Thermodynamic Anomalies near the Liquid-Vapor Critical Point: A Review of Experiments

  • Michael R. Moldover

Abstract

From the point of view of testing theoretical developments, liquid-vapor systems are representative of 3-dimensional systems with short-ranged forces and scalar order parameters. Liquid-vapor systems are attractive experimental systems because they can be studied in thermodynamic equilibrium (unlike liquid-liquid systems near consolute points). Liquid-vapor systems are free from frozen-in impurities and long-ranged strain fields that occur in crystals. A field conjugate to the order parameter is accessible in liquid-vapor systems, thus the scaling function for the free energy can be measured. These systems lack the symmetry of certain magnets and Ising models. This presents problems for simple-minded analyses of data. Nature does not tell us in advance which variables to use; however, this problem and its associated asymmetries are of interest in their own right. The primary macroscopic inhomogeneity in liquid-vapor systems is a density gradient over the height of a sample because of the earth’s gravitational field. This phenomenon is fully understood and has been exploited for the most delicate measurements of the equation of state.

Keywords

Entropy Nickel Convection Argon Steam 

Preview

Unable to display preview. Download preview PDF.

Unable to display preview. Download preview PDF.

References

  1. 1.
    C. Domb, in Phase Transitions and Critical Phenomena. Vol. 3, C. Domb and M. S. Green, eds. (Academic Press, New York, 1974), Ch. 6; See also B. G. Nickel, this volume.Google Scholar
  2. 2.
    G. A. Baker, B. G. Nickel, and D. I. Meiron, Phys. Rev. B17, 1365 (1978); J. C. LeGuillou and J. Zinn-Justin, Phys. Rev. B21, 3976 (1980).ADSGoogle Scholar
  3. 3.
    J. J. Rehr and N. D. Mermin, Phys. Rev. A8, 472 (1973).ADSGoogle Scholar
  4. 4.
    F. J. Wegner, Phys. Rev. B5, 4529 (1972); F. J. Wegner, Phys. Rev. B6, 1891 (1972).ADSGoogle Scholar
  5. 5.
    M. Ley-Koo and M. S. Green, Phys. Rev. A16, 2483 (1977).ADSGoogle Scholar
  6. 6.
    C. N. Yang and C. P. Yang, Phys. Rev. Lett. 13, 303 (1964).ADSCrossRefGoogle Scholar
  7. 7.
    G. R. Brown and H. Meyer, Phys. Rev. A6, 364 (1972).ADSGoogle Scholar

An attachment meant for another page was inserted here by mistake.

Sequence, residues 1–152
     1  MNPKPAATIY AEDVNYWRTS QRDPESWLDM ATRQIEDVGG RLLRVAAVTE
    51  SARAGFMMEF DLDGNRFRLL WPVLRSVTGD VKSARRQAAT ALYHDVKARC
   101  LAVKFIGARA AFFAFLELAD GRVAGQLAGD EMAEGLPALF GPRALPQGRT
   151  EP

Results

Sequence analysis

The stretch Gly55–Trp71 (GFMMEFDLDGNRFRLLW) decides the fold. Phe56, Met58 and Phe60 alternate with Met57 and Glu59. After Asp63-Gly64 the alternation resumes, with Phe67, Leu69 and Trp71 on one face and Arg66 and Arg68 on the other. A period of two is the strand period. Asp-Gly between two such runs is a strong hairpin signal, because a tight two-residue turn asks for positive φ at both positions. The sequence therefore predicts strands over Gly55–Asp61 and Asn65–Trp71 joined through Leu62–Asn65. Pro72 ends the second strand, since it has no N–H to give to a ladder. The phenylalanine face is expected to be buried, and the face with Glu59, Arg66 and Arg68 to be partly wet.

8. 8.
    M. R. Moldover, Phys. Rev. 182, 342 (1969).ADSCrossRefGoogle Scholar
  9. 9.
    A. V. Voronel, V. G. Gorbunova, V. A. Smirnov, N. G. Shmakov, and V. V. Shchekochikhina, Zh. Eksp. Teor. Fiz. 63, 964 (1972) [Eng. Transi. Sov. Phys. JETP 36, 505 (1973)]; M. A. Anisimov, A. T. Berestov, L. S. Veksler, B. A. Kovalchuk, and V. A. Smirnov, Zh. Eksp. Teor. Fiz. 66, 742 (1974) [Eng. Transl. Sov. Phys. JETP 39, 359 (1974)].Google Scholar
  10. 10.
    B. Widom, J. Chem. Phys. 43, 3898 (1965).ADSCrossRefGoogle Scholar
  11. 11.
    J. F. Nicoll, T. S. Chang, A. Hankey, and H. E. Stanley, Phys. Rev. B11, 1176 (1975).ADSGoogle Scholar
  12. 12.
    R. B. Griffiths and J. C. Wheeler, Phys. Rev. A2, 1047 (1970).ADSGoogle Scholar
  13. 13.
    R. B. Griffiths, J. Chem. Phys. 43, 1958 (1965).ADSCrossRefGoogle Scholar
  14. 14.
    H. A. Kierstead, Phys. Rev. A3, 329 (1971).ADSGoogle Scholar
  15. 15.
    R. P. Behringer, T. Doiron, H. Meyer, J. Low Temp. Phys. 24, 315 (1976).ADSCrossRefGoogle Scholar
  16. 16.
    J. A. Lipa, C. Edwards, and M. J. Buckingham, Phys. Rev. A15, 778 (1977).ADSGoogle Scholar
  17. 17.
    J. M. H. Levelt Sengers and W. T. Chen, J. Chem. Phys. 56, 595 (1972).ADSCrossRefGoogle Scholar
  18. 18.
    J. M. H. Levelt Sengers, Physica 73, 73 (1974).ADSCrossRefGoogle Scholar
  19. 19.
    L. Haar, J. Gallagher, and G. S. Kell in Water and Steam: Proc. 9th Intl. Conf. on Properties of Steam, J. Straub and. Scheffler, eds. (Pergamon Press, New York, 1980) p. 69.Google Scholar
  20. 20.